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[210] March, and on the 21st of that month, Gen. J. B. Magruder, in command of the Confederate front on the peninsula, reported the landing of large bodies of troops at Fortress Monroe, and asked for 30,000 men to meet the threatening invasion.

The sight of the departure of this great army alarmed Lincoln concerning the safety of the capital, and induced him to modify McClellan's plan of campaign by ordering, April 3d, that McDowell's corps should remain in front of Washington. On the 17th of May he was directed to advance to Fredericksburg, but keeping himself in position so he could be readily recalled to Washington, if necessary, to aid in its defense. McClellan objected to this arrangement, but was compelled to submit to it. McDowell appeared in front of the staunch old city on the Rappahannock near the close of May, when the Confederates, under General Holmes, fell back toward Richmond. Lincoln visited McDowell's camp, on the Stafford heights, May 23d, and it was then decided that McDowell should cross the Rappahannock on the 26th and march toward Richmond.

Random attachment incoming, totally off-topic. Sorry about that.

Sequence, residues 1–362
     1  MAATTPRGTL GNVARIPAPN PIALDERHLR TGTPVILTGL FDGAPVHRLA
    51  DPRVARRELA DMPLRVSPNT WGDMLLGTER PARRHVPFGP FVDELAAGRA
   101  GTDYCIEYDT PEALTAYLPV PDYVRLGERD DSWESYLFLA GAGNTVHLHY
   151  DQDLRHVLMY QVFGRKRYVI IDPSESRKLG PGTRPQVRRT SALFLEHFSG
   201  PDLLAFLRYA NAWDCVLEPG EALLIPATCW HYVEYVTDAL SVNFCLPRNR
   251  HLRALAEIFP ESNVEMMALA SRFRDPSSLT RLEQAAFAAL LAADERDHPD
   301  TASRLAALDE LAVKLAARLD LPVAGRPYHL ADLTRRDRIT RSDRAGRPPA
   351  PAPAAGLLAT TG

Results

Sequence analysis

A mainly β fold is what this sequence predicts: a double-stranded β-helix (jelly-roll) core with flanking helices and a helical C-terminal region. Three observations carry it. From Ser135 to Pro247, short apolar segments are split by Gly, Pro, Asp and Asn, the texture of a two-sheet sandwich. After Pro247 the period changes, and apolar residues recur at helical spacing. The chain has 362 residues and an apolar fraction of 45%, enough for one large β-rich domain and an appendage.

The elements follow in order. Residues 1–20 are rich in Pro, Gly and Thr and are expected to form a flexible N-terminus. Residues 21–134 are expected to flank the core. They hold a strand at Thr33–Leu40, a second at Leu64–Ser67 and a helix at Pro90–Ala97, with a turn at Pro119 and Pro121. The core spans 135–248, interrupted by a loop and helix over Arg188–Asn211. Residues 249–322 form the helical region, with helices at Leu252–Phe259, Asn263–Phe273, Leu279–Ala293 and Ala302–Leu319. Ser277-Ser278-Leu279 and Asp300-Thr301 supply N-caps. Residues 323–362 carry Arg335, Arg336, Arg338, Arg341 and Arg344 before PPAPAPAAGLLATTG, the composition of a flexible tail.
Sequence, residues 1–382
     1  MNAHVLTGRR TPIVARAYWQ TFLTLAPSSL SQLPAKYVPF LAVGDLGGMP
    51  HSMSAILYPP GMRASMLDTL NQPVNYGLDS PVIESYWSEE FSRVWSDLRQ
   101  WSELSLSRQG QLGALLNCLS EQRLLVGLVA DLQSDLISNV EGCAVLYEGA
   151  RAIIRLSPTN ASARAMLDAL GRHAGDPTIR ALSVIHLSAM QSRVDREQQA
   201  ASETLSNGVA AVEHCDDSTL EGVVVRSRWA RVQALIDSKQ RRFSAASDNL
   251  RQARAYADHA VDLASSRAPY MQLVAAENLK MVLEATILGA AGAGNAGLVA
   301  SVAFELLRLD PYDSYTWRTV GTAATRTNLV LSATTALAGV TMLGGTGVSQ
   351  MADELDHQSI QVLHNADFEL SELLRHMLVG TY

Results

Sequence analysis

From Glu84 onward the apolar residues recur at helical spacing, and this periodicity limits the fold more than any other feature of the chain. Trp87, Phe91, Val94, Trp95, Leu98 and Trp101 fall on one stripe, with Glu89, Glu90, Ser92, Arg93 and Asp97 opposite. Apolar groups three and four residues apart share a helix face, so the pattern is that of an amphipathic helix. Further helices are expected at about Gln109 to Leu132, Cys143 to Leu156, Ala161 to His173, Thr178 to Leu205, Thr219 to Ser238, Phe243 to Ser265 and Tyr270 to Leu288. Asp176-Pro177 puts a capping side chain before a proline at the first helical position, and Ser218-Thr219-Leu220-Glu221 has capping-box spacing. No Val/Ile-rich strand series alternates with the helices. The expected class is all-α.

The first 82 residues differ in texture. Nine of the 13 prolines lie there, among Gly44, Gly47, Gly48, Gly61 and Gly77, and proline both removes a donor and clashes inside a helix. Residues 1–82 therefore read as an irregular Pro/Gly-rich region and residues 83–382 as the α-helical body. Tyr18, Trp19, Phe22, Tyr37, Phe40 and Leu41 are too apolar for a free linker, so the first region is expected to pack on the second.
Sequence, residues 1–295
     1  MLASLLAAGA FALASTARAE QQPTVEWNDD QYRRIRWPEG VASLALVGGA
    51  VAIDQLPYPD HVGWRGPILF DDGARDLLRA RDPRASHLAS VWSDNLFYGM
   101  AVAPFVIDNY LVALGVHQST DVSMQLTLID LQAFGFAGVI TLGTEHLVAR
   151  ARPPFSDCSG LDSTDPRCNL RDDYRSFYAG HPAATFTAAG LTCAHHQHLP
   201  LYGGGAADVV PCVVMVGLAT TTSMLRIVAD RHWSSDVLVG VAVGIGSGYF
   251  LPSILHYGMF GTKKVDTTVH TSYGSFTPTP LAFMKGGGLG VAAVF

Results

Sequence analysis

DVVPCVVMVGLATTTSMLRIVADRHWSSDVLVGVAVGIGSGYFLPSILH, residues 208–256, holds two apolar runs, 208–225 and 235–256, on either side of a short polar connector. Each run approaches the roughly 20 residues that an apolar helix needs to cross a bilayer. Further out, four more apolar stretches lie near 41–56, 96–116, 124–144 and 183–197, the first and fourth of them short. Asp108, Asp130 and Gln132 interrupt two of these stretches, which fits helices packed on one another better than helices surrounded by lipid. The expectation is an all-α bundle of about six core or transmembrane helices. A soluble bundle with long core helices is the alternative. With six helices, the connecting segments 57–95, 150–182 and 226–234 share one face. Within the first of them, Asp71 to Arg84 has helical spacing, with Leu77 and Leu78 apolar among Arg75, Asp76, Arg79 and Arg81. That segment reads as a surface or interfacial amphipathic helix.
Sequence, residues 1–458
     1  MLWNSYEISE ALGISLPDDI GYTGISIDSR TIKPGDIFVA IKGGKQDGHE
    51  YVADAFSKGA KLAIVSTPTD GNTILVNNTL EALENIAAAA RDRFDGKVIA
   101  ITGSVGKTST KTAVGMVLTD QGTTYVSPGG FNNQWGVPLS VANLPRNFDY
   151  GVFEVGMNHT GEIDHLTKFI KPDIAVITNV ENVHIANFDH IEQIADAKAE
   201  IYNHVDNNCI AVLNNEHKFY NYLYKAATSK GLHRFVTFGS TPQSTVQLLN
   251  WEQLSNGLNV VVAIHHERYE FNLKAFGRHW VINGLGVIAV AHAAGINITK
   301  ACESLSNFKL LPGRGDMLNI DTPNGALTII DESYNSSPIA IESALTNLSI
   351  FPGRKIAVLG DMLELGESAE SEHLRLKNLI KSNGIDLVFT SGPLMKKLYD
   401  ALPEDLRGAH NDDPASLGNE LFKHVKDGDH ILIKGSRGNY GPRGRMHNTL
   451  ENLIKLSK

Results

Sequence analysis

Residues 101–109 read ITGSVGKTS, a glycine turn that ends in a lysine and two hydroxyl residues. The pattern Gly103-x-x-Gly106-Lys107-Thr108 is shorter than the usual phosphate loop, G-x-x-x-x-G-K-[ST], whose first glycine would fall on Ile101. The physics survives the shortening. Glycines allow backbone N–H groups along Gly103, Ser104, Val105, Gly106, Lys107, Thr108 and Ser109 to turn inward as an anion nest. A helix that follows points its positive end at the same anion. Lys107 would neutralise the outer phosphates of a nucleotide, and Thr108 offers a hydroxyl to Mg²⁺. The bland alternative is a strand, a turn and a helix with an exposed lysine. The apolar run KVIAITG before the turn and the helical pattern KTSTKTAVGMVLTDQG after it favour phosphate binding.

Fortunately for Virginia and the Confederacy, on the very day that McClellan was conferring at Fairfax Court House concerning a change of base and of plan of campaign, Gen. Robert E. Lee took command, under President Davis, of all the forces of the Confederacy, and, with characteristic energy and foresight, at once began preparations to meet the various oncoming Federal armies that were responding to the ‘on to Richmond’ demand of the North.

To meet the several Federal columns converging from the great outer circle, along which they had been gathering during the preceding eight months, the prospect for Lee, although he held the inner circle and the shorter lines of defense, was by no means reassuring, even to such a stout-hearted and self-reliant commander as himself. Huger, on his extreme right, held Norfolk with some 7,000 men, guarded in front by the ram Virginia, already famous for her 8th of March exploits and great naval victory in Hampton Roads; across Hampton Roads, Magruder was holding the peninsula, before Fortress Monroe and Hampton, with 11,000 men; Holmes held the Rappahannock, at Fredericksburg, with a brigade of 2,000; Johnston held the line of the upper Rappahannock

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